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Why you shouldn't be sour about sours!

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Kim Lentjes

Why you shouldn't be sour about sours!

Usually when people think of sour, it isn’t necessarily positive. It works the same with beer. Acetic, lactic acid and vinegar are off-flavors in beer that usually are highly unwanted. So why would someone organize a whole festival about these kinds of sour and/or dry beers?

First of all, sour and dry beers are hot. A few years ago the IPA was the biggest thing, especially the West Coast IPA, but now the trends lean more towards the sour and dry beers. The IPA remains popular, deservingly so, and I could say a lot about the new style New England IPA, but for now I am focusing my attention to the so called sour and dry beers. Because man! They can be absolutely wonderful beers!


That these types of beers are so hot and happening now is not coincidental. The beer market is evolving constantly. I spoke earlier of off flavors in beer, and yes, in a Belgian Blond or Triple a sour flavor generally speaking is an off-flavor. But, with certain yeasts, whether or not in combination with certain bacteria, can create very interesting (sour) tastes and aromas. A brewer would have to know what he is doing, because it is not easy to use these yeasts well, but, when done right, the beers are fantastic. Yeast is, as the main organizer of the festival Carnivale Brettanomyces so greatly put it ‘the soul, the center and the all of the beer’.

Some famous examples of this style of beer is a Saison, or a beer from a Trappist Brewery I visited recently, a wonderful dry and fruity Orval. In Europe the Belgians have been lord and master of these types of beers. In the Senne valley, near Brussels, people discovered that certain fruits carried an organism that, when used in the brewing process, produced a wonderful development of aromas and flavors. It took a while before they named it and knew exactly what it was, but eventually it was named Brettanomyces, lovingly shortened to Brett. Brett is a family of yeast that is used often in the brewing process, as well as in wine making. It can be used in combination or pure, you can add fruit during brewing that carries the yeast, or what happens a lot now too, you can use barrels that contains the yeast for an extra dimension. The final product then is, traditionally, a kriek, geuze or a saison.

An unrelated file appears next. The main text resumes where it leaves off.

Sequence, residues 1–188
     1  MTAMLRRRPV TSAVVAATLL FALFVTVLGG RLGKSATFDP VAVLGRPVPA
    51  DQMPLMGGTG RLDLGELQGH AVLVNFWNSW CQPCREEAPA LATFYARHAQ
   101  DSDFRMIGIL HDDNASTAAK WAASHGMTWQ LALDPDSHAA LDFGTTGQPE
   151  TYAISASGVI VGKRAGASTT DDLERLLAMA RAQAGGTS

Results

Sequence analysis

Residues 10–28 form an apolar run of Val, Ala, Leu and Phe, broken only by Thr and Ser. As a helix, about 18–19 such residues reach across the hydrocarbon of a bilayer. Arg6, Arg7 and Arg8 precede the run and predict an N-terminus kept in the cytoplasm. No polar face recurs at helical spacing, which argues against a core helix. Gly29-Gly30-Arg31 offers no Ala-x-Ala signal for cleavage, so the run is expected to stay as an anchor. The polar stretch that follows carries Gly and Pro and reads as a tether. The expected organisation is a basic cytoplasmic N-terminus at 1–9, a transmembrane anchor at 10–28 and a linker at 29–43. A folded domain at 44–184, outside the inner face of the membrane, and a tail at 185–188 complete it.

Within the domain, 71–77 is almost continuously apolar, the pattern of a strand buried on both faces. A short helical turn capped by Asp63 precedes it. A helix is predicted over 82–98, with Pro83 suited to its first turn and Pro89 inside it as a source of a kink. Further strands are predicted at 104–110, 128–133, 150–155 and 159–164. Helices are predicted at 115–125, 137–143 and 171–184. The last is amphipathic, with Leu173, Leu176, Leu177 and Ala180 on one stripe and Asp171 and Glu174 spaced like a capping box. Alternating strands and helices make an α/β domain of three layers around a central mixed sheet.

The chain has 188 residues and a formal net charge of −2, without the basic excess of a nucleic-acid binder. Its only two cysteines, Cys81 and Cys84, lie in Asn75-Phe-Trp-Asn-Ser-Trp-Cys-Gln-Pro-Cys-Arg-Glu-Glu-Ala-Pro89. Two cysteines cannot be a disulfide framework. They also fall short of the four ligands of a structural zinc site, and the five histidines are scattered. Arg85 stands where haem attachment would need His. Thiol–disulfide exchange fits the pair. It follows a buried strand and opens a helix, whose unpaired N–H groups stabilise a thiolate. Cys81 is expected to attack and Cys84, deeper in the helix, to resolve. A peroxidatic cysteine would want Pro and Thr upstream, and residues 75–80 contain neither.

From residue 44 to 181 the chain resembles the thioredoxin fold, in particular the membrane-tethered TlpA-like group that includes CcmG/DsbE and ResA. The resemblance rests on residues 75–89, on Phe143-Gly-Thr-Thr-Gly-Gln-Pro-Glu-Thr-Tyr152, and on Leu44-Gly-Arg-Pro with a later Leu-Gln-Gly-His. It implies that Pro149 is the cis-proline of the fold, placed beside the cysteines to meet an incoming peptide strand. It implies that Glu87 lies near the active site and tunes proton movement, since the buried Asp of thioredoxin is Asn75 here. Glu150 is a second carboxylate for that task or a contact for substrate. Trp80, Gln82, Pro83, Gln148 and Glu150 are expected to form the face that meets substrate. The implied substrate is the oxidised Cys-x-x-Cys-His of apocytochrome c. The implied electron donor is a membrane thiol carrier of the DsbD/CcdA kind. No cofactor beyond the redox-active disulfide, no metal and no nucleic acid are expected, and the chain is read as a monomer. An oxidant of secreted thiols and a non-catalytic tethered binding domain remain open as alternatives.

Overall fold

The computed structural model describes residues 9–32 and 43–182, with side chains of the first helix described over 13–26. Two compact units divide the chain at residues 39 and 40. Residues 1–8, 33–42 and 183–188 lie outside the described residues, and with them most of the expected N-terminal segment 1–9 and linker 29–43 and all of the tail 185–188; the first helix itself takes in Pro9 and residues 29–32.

But, and here it is, brewers nowadays do so much more with yeast and bacteria, and certainly not just the Belgian brewers. The result of this is an unimaginable complexity of flavors and aromas and so it is no wonder you can dedicate a whole festival to it! As the true ‘enfant terrible’ in the world of brewing, because you can easily call brett that, this festival helps the people understand how incredibly complex and influential and even determining the yeast is for a beer. Yeast is far more than just an alcohol and yeast pooping little organism. Yes it is hip, yes it is delicious, but it is also so incredibly interesting! The variety of tastes and aromas is so incredibly big, you can hardly imagine. You can brew a beer and let it age on barrels with brett, you can use brett in combination with bacteria, you can use it in a second fermentation, you can add it with fruits, and so much more. So, in short, it is very multidimensional. That is exactly what is happening now. And when it is done right, like for instance at Crooked Stave or what Tommy Sjef is doing, the result is a beer that is a delight to drink. It can be (intentionally!) sour, but also funky, dry, complex, fruity (also without added fruits) or with many more aromas and flavors.